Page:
Devourer of books with a preference for fiction. Quite good at competitive reading. Happily hoards books of all kinds. Gets stabby going too long without reading.
This is the third and final book in the Paradox series. It really won't make a whole lot of sense or be particularly satisfying if you haven't read the first two books in the trilogy. Start at the beginning with Fortune's Pawn. It's a really fun, action-packed series with great world building., so if you like space adventure, you are unlikely to regret it. It also goes without saying that there may be spoilers for the previous books in the series in this review. Proceed at your own risk if you're not caught up.
All Deviana "Devi" Morris wanted was to be a Devestator, one of the elite guards of the Paradoxian God King who she reveres and worships. Since signing on with Captain Caldwell on Fortune's Fool, she's nearly died countless times, she's had her memory wiped and restored, she's fallen in love and fought the man she fell for nearly to the death to retain her freedom and independence. She's infected with a mysterious and highly dangerous virus, hunted down by two powerful alien species. Several human organisations want to capture her, take her into custody and basically weaponize her. In addition, after a slightly botched jump out of hyperspace, Devi and her companion has been missing for eight months and most of the people close to her thought she died.
The possible future of the human race is hanging in the balance, and Devi needs to figure out a solution to eliminate the phantoms, free Maat and the daughters, preferably without being killed herself in the process. Yet Devi's never been afraid to go out fighting and if she has to die, which it's looking more and more likely she might, she's going to make sure it has a lasting impact.
While Honour's Knight was so action-packed it nearly exhausted me while reading it, Heaven's Queen has a slower opening third, with Devi and Rupert on the run, trying to keep Devi safe from all the various factions who want to get their hands on her. While there is some nice further character development in this section, it did nonetheless drag a bit, and because Bach has done such a great job fleshing out and establishing the supporting cast of the Paradox series, spending time with only Devi and Rupert got a bit boring after a while.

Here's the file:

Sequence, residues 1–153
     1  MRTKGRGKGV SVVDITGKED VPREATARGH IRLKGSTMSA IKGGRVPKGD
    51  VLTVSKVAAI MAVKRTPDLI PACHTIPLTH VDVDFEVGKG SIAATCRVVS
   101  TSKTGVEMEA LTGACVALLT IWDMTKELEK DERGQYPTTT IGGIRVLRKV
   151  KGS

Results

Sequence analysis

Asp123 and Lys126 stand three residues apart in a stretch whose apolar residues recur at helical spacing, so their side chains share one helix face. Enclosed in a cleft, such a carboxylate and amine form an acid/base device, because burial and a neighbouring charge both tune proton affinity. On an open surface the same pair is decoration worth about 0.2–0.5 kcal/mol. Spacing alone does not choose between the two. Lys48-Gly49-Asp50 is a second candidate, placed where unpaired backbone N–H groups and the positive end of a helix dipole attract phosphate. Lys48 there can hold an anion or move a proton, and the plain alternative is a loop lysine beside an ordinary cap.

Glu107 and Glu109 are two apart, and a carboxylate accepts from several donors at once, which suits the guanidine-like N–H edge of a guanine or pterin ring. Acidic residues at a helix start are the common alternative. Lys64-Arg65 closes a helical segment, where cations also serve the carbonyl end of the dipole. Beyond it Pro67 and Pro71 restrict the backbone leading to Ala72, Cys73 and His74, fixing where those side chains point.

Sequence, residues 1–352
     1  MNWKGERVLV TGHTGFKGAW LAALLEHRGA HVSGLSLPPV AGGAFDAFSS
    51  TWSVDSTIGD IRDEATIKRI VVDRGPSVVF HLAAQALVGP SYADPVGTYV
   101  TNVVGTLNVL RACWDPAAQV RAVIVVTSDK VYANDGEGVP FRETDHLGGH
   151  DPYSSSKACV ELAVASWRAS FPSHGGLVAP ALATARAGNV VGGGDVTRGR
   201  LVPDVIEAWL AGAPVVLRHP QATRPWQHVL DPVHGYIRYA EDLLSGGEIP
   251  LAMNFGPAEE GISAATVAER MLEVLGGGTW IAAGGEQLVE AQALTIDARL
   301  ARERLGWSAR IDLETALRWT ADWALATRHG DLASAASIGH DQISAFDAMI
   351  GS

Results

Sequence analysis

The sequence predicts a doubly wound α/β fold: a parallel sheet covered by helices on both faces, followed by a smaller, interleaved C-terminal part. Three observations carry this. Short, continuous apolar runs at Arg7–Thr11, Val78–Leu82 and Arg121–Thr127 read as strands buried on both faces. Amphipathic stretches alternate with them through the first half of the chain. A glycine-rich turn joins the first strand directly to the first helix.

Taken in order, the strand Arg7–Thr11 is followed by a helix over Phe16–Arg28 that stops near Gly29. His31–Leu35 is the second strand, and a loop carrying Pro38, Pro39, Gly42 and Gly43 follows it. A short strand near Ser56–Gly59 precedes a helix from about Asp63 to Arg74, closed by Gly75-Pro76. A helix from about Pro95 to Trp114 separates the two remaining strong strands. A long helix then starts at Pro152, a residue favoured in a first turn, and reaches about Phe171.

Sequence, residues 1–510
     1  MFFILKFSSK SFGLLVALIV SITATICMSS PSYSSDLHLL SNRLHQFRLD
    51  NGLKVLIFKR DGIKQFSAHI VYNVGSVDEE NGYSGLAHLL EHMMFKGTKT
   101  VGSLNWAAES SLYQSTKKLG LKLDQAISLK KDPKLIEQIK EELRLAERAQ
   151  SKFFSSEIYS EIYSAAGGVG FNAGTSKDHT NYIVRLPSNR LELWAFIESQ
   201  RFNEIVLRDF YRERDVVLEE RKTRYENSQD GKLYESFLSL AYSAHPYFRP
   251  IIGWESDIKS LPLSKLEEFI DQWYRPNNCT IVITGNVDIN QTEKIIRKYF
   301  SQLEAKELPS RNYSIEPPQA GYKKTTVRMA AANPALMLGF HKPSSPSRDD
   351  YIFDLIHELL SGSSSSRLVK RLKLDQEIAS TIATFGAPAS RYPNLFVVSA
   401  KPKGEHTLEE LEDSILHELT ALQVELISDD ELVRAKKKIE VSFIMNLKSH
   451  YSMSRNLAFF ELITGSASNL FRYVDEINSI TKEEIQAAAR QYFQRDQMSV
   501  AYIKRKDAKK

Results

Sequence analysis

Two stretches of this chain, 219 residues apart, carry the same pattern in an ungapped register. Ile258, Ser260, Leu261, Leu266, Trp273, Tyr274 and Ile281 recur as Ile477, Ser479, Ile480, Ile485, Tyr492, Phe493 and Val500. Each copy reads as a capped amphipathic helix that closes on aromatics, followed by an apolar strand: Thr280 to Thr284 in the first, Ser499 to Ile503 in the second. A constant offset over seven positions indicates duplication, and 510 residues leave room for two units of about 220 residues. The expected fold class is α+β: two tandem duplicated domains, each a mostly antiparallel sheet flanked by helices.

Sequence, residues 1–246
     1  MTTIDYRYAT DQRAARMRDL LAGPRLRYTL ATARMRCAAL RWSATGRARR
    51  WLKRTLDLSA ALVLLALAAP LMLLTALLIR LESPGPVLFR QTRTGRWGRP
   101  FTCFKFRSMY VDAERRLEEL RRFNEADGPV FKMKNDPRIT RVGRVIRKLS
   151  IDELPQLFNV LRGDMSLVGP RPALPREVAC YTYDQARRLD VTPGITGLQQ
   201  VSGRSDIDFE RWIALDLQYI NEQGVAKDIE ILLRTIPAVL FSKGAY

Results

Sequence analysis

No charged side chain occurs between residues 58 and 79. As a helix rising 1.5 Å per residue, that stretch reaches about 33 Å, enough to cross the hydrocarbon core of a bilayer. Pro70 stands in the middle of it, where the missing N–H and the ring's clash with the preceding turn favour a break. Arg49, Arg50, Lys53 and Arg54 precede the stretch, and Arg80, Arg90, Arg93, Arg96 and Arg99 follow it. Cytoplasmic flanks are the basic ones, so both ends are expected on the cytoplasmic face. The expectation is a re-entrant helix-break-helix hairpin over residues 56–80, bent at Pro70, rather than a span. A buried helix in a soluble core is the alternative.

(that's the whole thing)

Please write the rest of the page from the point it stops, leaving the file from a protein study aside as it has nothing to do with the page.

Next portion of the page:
I needn't have worried, however, because the last two thirds of book pick up nicely again, while the story hurtles towards its action-packed and inevitable conclusion. We get more quality time with the crew on the Fortune's Fool, meet a few new characters and re-visit some previously established individuals. Some are interested in aiding Devi, others would rather just capture her and use her to further their own ends.
Over the course of the trilogy, Devi has gone from a fairly self-centred and purely career-oriented warrior, only concerned with advancement as fast possible. Through the dangers and adventures she's survived, she's had her horizons comprehensively widened, forced to re-evaluate her opinions and pre-conceptions time and time again. Some of the characteristics that could make her rather exasperating in the first book, have been polished and refined through her hardships and challenges and now help her in choosing her final course of action, crazy and reckless as it may seem to others. Devi has so much agency in this book, and I cheered her along every step of the way, even as I worried what was going to happen to her in the end.
I really liked that for all that Rupert is a nearly indestructible fighter himself, he's realised that what Devi needs from him is just for him to watch her back, not to control or restrict her actions. I saw some complaints on Goodreads that he's been reduced to a boring wimp meekly trailing in Devi's wake in this book, I strongly disagree. Devi has proven time and time again that she's more than capable of taking care of herself, even though she may seem dangerously impulsive on occasion. Her risks pay off and it's one of the reasons she's become such a skilled warrior. The last thing she needs is a man who tries to make her decisions for her. While he's clearly not always very happy about the choices she makes, Rupert has learned the hard way that Devi needs to choose her own path, and if he wants to be with her, he needs to respect her choices - which he does.
Having discovered that Rachel Bach is actually a pseudonym for Rachel Aaron, who also writes historical fantasy novels, I can't wait to check out more of her writing. If her fantasy is half as fun as her science fiction adventures, I will be very happy indeed.